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Stop running and start thinking.

Stop running and start thinking.

Are you using your legs or using your brain?

Measure twice and drill once. Break out the city map. Think before you speak, before you act, before you search. Use that brain to make your journey shorter or more efficient.

My son and his friend are somewhere in the store, but it’s a big store. How can I find them? (Answer below … )

How much of your day is spinning on the hamster wheel? How much of it is analyzing the benefit of that spinning and planning on how tomorrow is going to be better. Could you possibly spin less if you worked on efficiency or effectiveness? Have you tried.

Writing Prompt Tip: You see a sign or take a photo that immediately tells a story. But it might be a story that needs your perspective or a little background. Write it out–and do it soon while the thought is fresh.

Use your brain, not your legs. [Finally found my boys just where I thought they'd be.]

Use your brain, not your legs. [Finally found my boys just where I thought they’d be.]

The next time you’re looking for something, whether it be a new job, your car keys or your kids in a giant warehouse, stop walking and think. “If I were a 9-year old boy, where would I be?” As soon as I stopped using my feet and my legs (which I had just done to get me a full two laps through the store), I stopped and thought about that exact question, “Where would I be hanging out?”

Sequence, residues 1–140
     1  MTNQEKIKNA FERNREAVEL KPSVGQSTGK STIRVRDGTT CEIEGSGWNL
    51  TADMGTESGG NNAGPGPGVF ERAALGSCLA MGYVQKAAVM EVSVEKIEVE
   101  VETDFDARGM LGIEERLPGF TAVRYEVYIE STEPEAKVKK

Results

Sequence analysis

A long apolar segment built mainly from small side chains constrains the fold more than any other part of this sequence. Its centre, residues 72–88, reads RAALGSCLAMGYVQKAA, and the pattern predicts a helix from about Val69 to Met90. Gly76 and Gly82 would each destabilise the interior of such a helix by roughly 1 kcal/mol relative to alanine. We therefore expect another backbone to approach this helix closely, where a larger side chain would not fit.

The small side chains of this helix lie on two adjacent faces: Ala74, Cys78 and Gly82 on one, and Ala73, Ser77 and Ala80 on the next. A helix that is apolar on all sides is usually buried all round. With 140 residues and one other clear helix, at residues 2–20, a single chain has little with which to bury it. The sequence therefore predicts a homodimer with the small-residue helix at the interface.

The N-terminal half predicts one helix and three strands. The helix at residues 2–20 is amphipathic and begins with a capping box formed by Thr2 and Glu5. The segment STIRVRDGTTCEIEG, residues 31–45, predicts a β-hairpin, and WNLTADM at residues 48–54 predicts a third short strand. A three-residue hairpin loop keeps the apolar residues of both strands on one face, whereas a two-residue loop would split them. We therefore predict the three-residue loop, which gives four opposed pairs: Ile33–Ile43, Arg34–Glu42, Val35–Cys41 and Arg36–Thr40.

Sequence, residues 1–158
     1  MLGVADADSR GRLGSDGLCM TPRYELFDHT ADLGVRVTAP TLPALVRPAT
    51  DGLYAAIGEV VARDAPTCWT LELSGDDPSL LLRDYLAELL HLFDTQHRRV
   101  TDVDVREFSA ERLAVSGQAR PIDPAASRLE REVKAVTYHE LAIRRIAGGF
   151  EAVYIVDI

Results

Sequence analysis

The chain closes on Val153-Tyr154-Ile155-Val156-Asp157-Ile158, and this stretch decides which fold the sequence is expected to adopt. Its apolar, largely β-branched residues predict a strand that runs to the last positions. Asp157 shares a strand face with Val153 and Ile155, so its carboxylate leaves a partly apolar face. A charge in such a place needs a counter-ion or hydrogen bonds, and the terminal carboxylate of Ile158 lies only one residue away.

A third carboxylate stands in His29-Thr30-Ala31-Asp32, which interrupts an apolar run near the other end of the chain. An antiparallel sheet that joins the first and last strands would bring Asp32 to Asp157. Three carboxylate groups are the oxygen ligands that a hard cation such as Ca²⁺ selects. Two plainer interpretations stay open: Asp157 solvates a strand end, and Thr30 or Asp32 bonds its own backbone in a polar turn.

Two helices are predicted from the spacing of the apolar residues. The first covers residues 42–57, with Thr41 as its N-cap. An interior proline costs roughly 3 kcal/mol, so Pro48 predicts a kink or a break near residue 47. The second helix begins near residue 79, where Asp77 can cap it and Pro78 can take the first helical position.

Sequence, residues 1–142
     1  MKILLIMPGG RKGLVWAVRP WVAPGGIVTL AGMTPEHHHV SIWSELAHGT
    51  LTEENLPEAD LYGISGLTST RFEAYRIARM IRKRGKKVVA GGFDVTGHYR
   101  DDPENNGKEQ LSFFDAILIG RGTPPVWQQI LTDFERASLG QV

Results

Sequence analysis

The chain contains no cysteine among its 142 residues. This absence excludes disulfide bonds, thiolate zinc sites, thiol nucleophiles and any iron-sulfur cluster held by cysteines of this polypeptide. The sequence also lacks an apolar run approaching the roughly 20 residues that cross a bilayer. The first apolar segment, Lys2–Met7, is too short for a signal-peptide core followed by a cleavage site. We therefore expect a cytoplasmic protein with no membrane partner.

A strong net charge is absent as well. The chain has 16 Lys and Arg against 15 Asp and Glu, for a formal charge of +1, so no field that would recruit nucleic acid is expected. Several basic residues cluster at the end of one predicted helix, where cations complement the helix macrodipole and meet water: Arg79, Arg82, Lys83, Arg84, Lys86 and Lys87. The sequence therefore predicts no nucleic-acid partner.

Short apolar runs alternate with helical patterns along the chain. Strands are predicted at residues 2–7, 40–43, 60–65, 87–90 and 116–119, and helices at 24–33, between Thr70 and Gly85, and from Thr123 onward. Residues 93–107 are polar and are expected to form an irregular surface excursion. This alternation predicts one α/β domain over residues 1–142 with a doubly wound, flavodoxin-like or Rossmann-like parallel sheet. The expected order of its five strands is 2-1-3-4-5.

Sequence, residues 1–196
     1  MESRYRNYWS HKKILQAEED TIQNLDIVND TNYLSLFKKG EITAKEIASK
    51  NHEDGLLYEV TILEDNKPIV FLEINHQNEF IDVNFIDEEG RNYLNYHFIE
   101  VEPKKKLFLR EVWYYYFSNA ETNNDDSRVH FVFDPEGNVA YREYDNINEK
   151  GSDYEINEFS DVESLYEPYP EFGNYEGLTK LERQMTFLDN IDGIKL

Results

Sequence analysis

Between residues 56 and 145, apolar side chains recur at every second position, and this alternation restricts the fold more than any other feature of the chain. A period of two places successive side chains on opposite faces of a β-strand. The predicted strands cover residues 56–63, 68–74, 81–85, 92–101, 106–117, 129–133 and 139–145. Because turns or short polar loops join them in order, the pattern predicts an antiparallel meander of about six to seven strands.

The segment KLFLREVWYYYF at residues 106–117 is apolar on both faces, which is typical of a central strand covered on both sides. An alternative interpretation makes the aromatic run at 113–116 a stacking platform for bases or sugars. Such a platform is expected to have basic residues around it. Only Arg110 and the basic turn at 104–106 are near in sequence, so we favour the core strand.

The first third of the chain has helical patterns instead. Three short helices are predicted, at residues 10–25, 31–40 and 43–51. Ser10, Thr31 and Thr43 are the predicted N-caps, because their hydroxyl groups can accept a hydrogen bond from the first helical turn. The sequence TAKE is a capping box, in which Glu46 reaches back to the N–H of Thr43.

Sure enough. I smiled as it dawned on me. It’s Saturday. They have televisions here. Televisions with live programming. It’s October. My son is a college football fanatic. I walked slowly towards the TV section and they weren’t worried about me, concerned about how long they had been there or have a care in the world.

“Dad, it’s Syracuse against Pittsburg,” he said excitedly as he finally acknowledged my existence. I only smiled and made a mental note about how much more energy we use with our feet than with our brains.


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